With Massachusetts poised to adopt a broad new tax on software services, the state’s technology sector is about to learn a hard lesson: Ignoring Beacon Hill carries a steep price.
The industry was practically absent from early discussions about including the tax in a transportation funding bill, a legislator involved in the tax bill said, and its largest and most prominent advocacy group, the Mass Technology Leadership Council, was not at the table opposing the tax.
“We heard precious little from the industry,” said Democratic Senator Stephen Brewer of Barre, chairman of the Senate Committee on Ways and Means. “There are people who could have weighed in earlier that we didn’t see.”
The tax was included in the transportation bill adopted by the House of Representatives Wednesday, with the Senate scheduled to vote Thursday.
Brewer and other lawmakers have been working on it for months. And even in the early days, when the proposal was much broader in scope and included data analytics and cloud computing, Brewer said, the technology sector did not come out against it in any significant way.
Now, with passage of the tax imminent, many tech companies and business groups are warning it could deal a crippling blow to the state’s innovation economy, one of its most important and celebrated sectors. But their complaints appear to be too late.
Andy Singleton, a longtime Boston technology entrepreneur and founder of Assembla Inc., a Needham software company, said he just learned about the new tax by reading news reports. When he contacted the Technology Leadership Council, he said, he was told the tax was not a priority for the organization, even though it represents more than 500 technology companies in Massachusetts.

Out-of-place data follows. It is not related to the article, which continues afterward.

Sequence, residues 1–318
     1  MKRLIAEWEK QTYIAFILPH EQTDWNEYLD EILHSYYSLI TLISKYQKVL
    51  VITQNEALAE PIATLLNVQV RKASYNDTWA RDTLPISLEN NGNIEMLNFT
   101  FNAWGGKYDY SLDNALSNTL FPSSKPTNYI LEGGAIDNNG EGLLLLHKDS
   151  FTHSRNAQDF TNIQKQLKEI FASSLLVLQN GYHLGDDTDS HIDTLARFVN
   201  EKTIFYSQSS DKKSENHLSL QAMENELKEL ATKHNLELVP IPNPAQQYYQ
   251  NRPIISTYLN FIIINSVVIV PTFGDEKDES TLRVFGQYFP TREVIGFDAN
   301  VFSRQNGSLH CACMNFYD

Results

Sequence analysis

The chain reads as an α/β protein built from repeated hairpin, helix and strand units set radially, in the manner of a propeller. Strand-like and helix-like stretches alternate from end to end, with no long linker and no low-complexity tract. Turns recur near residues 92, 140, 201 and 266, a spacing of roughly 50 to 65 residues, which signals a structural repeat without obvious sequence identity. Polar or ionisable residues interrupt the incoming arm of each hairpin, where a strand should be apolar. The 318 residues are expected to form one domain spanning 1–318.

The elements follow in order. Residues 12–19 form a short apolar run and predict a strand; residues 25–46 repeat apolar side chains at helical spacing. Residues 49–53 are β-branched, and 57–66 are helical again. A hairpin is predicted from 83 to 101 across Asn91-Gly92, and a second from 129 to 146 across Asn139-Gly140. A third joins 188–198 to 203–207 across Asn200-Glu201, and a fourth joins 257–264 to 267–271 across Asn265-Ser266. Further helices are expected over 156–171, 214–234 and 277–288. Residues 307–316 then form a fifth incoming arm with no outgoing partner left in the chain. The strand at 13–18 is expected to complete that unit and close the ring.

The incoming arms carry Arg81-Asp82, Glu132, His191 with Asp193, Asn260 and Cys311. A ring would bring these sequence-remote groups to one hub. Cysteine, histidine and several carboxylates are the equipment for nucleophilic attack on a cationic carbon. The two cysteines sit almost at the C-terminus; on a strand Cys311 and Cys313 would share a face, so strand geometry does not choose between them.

“I thought that was a pretty poor response for something that is going to have a serious impact on the industry,” said Singleton, who has been a MassTLC member for about a decade.
The proposal would extend the state’s 6.25 percent sales to “computer system design services,” which covers a wide ranges of software and related services that businesses buy from programmers and third-party vendors.
Legislators estimate it would raise some $160 million a year for transportation projects. But many business organizations complain it is so broadly written that it would hit much harder — reaping as much as $500 million in total, with individual companies paying tens of thousands of dollars or more in taxes for routine updates of their systems.
The head of the Technology Council, Tom Hopcroft, said he did not come out strongly against the tax because, like many in the industry, he believed it was so broadly written it seemed impossible to know what effect it would have.
He also acknowledged the organization isn’t as active on Beacon Hill as it used to be.
“I’ve moved away from being a lobbying organization to being a member organization,” Hopcroft said.
“It’s not like we suddenly dropped policy. We are still present, we are still educating legislators.”
The transportation bill was first passed by the Legislature in June, but Governor Deval Patrick rejected it, saying it would not raise the $800 million he wanted. He sent it back to legislators with amendments, including one for a higher increase in the gas tax.
The House voted Wednesday without the higher gas tax sought by Patrick, so it’s unclear what his response would be if the Senate concurs.
But the portion that covers software services is not expected to change.
As for implementation, lawmakers have said the tax would be applied fairly, and that it is not out of line with how other states tax businesses.
They have also said they will monitor how the Department of Revenue applies the tax.
In many ways, the mere fact that the software tax became part of the transportation bill without much push-back reflects the changing nature and clout of the technology sector in Massachusetts. Once dominated by telecommunications giants and computer hardware makers on Route 128, the innovation economy is now populated with smaller software companies and Internet start-ups not as focused on policy matters as their predecessors were.
But if does have a major impact on the sector, it could be a wake-up call, Hopcroft said.
“If it ends up being interpreted in a way that has a large impact on the tech sector,” Hopcroft said, “a lot more people will pay attention to what [state legislators] are doing.”Michael B. Farrell
can be reached at email@example.com.